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Year of the Rabbit
emily ng 14 editorial associate
February 3, 2011

For many children and families around the world, early February marks the most respected and fun tradition of Chinese New Year. Lively dragon dances and the gifts of red packets containing money are only some of the customs.

Chinese New Year originally honored family, heavenly deities, and ancestors. Now, since times have changed significantly, most families celebrate by having a simple gathering. The meaning of Chinese New Year is to renew friendships and family ties, and to forget old grudges.

The date of Chinese New Year changes every year. This year, the Year of the Rabbit, begins February 3. Many predict that it will be a calmer year than 2010. The Year of the Rabbit is associated with home and family, artistic pursuits, diplomacy, and keeping peace.

There are many traditions on the days preceding the holiday and on the Chinese New Year. “Getting together with family, the food, and receiving packets with money inside them are definitely my favorite traditions,” said Deidre Yiu ’11.

Other traditions include watching bright fireworks and visiting neighbors. In addition, some families watch local celebrations on television.

Some of the older traditions include cleaning the whole house to get rid of all the bad luck and misfortune hiding within the walls, painting doors and walls red, and hanging up paper-cuts with words written on them. These words are often on themes of happiness, longevity, and luck.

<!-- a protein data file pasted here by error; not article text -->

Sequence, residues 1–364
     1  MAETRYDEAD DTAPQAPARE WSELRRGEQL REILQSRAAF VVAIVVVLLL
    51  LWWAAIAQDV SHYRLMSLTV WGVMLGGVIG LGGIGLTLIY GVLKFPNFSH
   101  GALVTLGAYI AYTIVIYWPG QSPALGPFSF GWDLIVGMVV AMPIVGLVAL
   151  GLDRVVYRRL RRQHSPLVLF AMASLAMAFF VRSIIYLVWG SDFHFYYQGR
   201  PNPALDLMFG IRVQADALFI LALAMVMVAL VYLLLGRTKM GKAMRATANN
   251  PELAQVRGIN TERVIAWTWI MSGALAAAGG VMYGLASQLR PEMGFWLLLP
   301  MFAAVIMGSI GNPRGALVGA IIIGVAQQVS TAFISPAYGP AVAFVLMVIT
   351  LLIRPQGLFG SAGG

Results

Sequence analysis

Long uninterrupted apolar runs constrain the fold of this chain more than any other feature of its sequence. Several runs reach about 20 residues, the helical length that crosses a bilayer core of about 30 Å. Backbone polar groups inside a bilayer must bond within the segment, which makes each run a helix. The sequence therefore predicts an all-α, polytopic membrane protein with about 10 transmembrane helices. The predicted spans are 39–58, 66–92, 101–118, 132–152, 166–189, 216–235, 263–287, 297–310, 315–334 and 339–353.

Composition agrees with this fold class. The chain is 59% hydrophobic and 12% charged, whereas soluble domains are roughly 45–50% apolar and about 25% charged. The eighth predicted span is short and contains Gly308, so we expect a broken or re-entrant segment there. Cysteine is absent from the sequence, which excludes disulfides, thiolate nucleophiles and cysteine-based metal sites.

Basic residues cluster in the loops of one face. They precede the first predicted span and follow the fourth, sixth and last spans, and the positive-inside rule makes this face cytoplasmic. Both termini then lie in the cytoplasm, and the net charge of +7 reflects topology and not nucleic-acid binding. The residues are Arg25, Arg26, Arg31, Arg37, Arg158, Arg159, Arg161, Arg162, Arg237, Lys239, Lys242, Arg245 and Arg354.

A handful of families enjoys celebrating Chinese New Year in an old-fashioned yet strict regimen over fifteen days. Some days are devoted to seeing parents, some are strictly to eat vegetarian foods, and others are birthdays of gods that play a continuous role in spiritual life.

In the U.S., many cities also celebrate this holiday. Shanya Hopkins ’14 said, “At my old school in New York City, we used to study Chinese history and every year we would do traditional Chinese dances.”

Many students and teachers would love to present the holiday here. The International Club will hold a party, or make a presentation at school meeting. To add another festive touch, the dining hall will serve delectable Chinese food. In addition, students will sell red packets with chocolate coins inside.

Chinese teacher Cindy Feng anticipates that celebrating Chinese New Year at Deerfield Academy will be beneficial to the students.

“It’s nice for some of the international students to have a taste of home, and it’s good for students that live in the U.S. to develop their global perspective.”